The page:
Driving down further, we came across another huge tree. There were lots of birds on the tree, scores of Mynas, Bulbuls, Barbets, Babblers and probably more. On the ground there was the Hoopoe (one of our target sightings) busy hunting for food. We took quite of few pictures of the Hoopoe before driving further. Ahead, there was a small building where a number of House/Common swifts were circling around. We noticed some nest like structure along one of the walls. Each of the swifts would fly to the place, touch this and fly away. The next would follow suit. Because of this, we managed to get our first pictures of the swift (which we have otherwise only seen in flight)

In the wooded area beyond the building, we saw the Small Minivet and the Lesser Golden-backed Woodpecker (in its classic wood pecking pose). And there was our favorite bird perched on a tree branch, the Spotted Owlet. It was stuck to the tree like somebody was going to pull it away. Got some good pictures (posted at the end) of this cute bird and headed back from this area.

On the way back to the entrance, we entered the Krishnamurthy Center. Just beyond the main retreat, there was a small pond where we saw the Small Blue Kingfisher (another first sighting for us). Apparently at some distance from the pond, there is a lake, which we missed this time. Will surely visit the lake next time around when we go there.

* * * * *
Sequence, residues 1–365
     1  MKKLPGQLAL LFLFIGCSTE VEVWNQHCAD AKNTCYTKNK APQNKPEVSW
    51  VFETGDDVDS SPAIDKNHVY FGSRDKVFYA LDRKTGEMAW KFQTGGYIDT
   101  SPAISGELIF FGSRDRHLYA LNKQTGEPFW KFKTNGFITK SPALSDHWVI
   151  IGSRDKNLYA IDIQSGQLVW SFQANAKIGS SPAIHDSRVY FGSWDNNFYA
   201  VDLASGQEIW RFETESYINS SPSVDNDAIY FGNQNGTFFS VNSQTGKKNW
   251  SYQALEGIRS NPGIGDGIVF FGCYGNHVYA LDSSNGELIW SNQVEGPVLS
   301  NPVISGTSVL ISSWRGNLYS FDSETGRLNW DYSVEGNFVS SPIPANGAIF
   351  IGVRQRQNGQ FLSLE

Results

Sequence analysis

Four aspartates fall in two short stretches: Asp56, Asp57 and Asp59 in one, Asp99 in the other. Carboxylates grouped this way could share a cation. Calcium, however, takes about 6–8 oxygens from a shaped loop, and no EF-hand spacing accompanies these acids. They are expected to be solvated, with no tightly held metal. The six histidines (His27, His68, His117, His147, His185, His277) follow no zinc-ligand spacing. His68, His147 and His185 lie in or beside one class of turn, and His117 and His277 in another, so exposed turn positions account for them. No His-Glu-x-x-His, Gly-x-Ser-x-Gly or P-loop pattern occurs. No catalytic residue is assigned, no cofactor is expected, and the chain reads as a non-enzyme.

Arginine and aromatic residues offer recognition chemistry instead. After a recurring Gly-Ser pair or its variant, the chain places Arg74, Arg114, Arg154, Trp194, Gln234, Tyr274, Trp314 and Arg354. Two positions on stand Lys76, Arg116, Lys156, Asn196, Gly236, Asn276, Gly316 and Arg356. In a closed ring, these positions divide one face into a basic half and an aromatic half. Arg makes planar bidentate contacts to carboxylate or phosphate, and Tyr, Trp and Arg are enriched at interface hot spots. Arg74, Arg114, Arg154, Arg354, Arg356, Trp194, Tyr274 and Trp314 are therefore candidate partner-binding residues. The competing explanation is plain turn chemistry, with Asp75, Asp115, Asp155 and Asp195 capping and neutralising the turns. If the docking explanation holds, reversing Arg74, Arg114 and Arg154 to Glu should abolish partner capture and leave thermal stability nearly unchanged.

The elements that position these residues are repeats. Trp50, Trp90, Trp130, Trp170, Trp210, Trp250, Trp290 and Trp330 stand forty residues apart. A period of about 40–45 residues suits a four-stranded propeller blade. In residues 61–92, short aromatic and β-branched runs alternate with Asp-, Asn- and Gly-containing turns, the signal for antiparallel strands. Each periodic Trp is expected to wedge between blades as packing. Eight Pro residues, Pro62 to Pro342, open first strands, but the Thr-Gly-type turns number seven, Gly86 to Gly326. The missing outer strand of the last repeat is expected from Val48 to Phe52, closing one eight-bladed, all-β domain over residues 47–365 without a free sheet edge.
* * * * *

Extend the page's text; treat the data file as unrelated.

RaptorInFlight Lesser Golden-backed Woodpecker

We were very keen to sight at least one raptor, but we had no luck even this time. We did catch one raptor in flight (which was not the kite), but it was so far up in the sky, it was impossible to ID. Hope for some better luck with raptors next time.

All in all, the valley school was an immensely enjoyable experience and we hope to go there often.

Bird List

  • White Throated Fantail Flycatcher
  • Red Vented Bulbul
  • Indian Robin
  • Purple Rumped Sunbird
  • Cattle Egret
  • Bay-Backed Shrike
  • Laughing Dove
  • Black Drongo
  • Pied Wagtail
  • Jerdon’s Bushlark
  • Large Grey Babbler
  • Pied Bushchat (Male + Female)
  • White-Cheeked Barbet
  • Female Paradise Flycatcher
  • Oriental Magpie Robin
  • Coppersmith Barbet
  • Hoopoe
  • Jungle Crow
  • Common Myna
  • Jungle Myna
  • Red Whiskered Bulbul
  • House Swift
  • Greater Caucal
  • Small Minivet
  • Golden Back Woodpecker
  • Spotted Owlet
  • Green Bee-Eater
  • Grey Bellied Cuckoo
  • Purple Sunbird
  • Small Blue Kingfisher
  • Common Iora
  • Ashy Prinia
  • Great Tit
  • Raptor (in flight unidentified)
  • Red Wattled Lapwing
  • Plain Prinia

Getting There/Directions:

Get on to kanakapura road. Around 12 kms after the Banashankari bus stand and immediately after the interesection with the NICE highway (Hosur Rd – Mysore Rd) you get a yellow marker on the right directing you to Valley School. It is another 1.5 kms down this patchy road.

SpottedOwlet